Even though the court didn’t say it the way I would like, I’d be OK with the case if the court hadn’t muddled up the Business Risk exclusions. The court relied heavily on an analysis I find to be less than optimal: that the entire building was the general contractor’s "product," and fell under the "Your Product" exclusion. Damages to any part of the building, such as water infiltration after operations are completed, therefore aren’t covered by the GC’s liability insurance, under the court’s view. I don’t think a building is the GC’s product or that the GC has any product at all, nor do I think the "Your Work" exclusion applies, partly because the GC doesn’t do any "work" on a construction site and also because of the subcontractor exception to that exclusion, which the court failed to even discuss.
I read a lot of blogs and publications to see what the public says about insurance law, because it reminds me of an important fact: to people who aren’t deeply immersed in insurance coverage law, none of this makes any sense whatsoever. On the surface, insurance coverage does not appear to operate like people expect — it doesn’t comport with their understanding of the way the world should work. But buried beneath the surface, sometimes way down beneath, there are rules and policies that make a whole lot of sense, and it is possible to explain them and how they fit into the order of the world.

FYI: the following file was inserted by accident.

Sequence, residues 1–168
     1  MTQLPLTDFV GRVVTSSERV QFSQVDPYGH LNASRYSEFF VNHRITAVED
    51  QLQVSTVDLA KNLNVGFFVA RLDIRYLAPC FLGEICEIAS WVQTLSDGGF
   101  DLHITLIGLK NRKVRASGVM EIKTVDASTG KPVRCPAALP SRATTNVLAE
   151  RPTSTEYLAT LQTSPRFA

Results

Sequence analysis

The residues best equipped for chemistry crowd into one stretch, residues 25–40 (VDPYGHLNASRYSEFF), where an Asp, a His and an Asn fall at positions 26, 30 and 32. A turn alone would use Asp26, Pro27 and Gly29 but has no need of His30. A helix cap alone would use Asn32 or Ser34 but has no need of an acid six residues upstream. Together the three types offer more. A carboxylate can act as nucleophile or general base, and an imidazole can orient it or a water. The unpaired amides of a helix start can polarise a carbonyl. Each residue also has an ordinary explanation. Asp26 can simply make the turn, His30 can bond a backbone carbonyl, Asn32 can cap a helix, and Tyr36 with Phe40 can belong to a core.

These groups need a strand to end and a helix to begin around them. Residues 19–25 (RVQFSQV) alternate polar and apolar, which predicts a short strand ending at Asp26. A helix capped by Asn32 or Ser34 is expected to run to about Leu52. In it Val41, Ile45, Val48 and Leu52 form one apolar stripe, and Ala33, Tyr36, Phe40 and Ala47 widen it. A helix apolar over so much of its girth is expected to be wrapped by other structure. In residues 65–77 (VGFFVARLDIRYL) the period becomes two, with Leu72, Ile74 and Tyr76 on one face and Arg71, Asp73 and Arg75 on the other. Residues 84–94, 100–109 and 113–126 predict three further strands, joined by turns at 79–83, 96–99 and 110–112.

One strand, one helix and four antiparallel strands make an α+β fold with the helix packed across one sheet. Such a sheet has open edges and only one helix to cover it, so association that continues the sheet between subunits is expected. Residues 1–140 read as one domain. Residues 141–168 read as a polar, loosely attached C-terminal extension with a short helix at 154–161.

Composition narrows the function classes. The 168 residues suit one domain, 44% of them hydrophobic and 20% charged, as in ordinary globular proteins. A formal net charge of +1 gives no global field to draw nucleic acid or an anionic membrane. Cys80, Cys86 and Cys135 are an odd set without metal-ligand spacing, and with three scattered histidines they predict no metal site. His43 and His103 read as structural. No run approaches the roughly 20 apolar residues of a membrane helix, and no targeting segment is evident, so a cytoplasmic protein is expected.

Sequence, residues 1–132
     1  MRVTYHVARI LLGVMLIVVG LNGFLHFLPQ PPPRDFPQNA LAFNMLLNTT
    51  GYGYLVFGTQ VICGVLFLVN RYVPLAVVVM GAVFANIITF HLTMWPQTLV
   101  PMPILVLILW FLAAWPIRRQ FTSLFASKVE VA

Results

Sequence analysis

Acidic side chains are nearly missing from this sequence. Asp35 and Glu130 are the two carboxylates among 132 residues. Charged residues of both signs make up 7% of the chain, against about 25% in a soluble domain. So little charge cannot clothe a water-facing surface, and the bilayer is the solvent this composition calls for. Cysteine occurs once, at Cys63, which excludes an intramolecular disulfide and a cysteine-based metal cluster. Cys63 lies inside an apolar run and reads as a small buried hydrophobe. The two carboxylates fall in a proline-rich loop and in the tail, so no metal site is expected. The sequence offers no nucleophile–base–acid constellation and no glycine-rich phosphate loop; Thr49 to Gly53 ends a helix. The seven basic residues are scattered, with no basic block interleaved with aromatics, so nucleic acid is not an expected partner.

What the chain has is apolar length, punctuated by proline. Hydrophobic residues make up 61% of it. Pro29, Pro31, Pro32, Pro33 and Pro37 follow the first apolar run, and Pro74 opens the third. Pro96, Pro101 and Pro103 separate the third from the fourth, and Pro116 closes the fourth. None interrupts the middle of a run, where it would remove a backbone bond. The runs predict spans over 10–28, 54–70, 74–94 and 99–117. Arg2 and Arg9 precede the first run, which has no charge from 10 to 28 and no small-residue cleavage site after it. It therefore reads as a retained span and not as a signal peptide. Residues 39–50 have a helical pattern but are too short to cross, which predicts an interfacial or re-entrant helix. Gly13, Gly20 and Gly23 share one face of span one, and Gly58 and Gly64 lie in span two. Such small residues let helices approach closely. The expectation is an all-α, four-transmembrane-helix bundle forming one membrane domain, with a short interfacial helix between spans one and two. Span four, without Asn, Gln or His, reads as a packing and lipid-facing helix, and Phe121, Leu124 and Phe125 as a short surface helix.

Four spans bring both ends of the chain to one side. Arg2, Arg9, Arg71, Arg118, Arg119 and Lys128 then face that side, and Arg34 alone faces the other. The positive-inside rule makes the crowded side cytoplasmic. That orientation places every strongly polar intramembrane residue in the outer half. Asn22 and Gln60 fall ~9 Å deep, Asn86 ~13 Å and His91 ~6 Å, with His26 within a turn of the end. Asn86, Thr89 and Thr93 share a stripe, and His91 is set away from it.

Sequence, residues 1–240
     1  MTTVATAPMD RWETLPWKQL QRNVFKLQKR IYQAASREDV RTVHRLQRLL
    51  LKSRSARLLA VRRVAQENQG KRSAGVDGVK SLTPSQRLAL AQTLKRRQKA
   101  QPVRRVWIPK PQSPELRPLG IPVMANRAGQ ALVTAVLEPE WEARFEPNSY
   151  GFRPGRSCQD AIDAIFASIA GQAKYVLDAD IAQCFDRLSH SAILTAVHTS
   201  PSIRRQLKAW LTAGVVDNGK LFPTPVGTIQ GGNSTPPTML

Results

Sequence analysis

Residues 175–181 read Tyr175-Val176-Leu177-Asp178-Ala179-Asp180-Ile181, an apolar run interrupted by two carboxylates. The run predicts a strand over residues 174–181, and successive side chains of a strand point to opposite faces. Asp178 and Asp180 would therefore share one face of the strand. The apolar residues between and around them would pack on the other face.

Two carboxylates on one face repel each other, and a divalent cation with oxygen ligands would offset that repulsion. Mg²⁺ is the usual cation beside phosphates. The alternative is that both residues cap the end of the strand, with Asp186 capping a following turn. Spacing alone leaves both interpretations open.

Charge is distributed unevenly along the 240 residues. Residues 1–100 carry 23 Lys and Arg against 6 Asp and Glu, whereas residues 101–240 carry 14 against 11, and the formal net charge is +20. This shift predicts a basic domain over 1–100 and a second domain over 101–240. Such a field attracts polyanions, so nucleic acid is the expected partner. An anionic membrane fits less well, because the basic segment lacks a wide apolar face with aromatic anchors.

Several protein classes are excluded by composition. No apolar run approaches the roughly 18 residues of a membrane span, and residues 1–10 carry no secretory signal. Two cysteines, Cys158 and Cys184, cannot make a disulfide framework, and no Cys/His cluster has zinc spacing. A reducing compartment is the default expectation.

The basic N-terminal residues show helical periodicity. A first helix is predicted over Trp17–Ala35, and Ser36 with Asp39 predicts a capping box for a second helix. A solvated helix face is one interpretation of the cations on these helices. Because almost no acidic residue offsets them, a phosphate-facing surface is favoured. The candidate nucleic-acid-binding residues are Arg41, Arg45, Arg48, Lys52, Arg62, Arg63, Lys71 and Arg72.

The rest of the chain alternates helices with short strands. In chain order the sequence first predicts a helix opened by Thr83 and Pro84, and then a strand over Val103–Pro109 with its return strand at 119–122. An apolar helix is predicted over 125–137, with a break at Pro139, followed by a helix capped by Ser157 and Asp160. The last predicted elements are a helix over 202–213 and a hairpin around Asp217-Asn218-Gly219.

So I read with interest this newspaper column in the Lodi News-Sentinel in which the writer appears outraged that the California Court of Appeal overturned a $260,000 jury verdict, and found that State Farm could not be liable for negligent claims investigation where there was no coverage in the first place. I remember seeing this case, Benavides v. State Farm, a couple months ago and didn’t pay it much attention because it seemed like a no-brainer. On reading it now, it still seems like a no-brainer, but I like the court’s explanation: with first party insurance, a negligent investigation can’t frustrate the expectations of the insured, because the insured shouldn’t have any expectations where there is no coverage under the contract to begin with. (See page 10 of the opinion). It’s good to keep in mind how difficult it is for people, some of them judges who read legal briefs in coverage litigation, to understand and accept this concept: merely because someone suffers damage, it does not obligate the insurer to do something about it.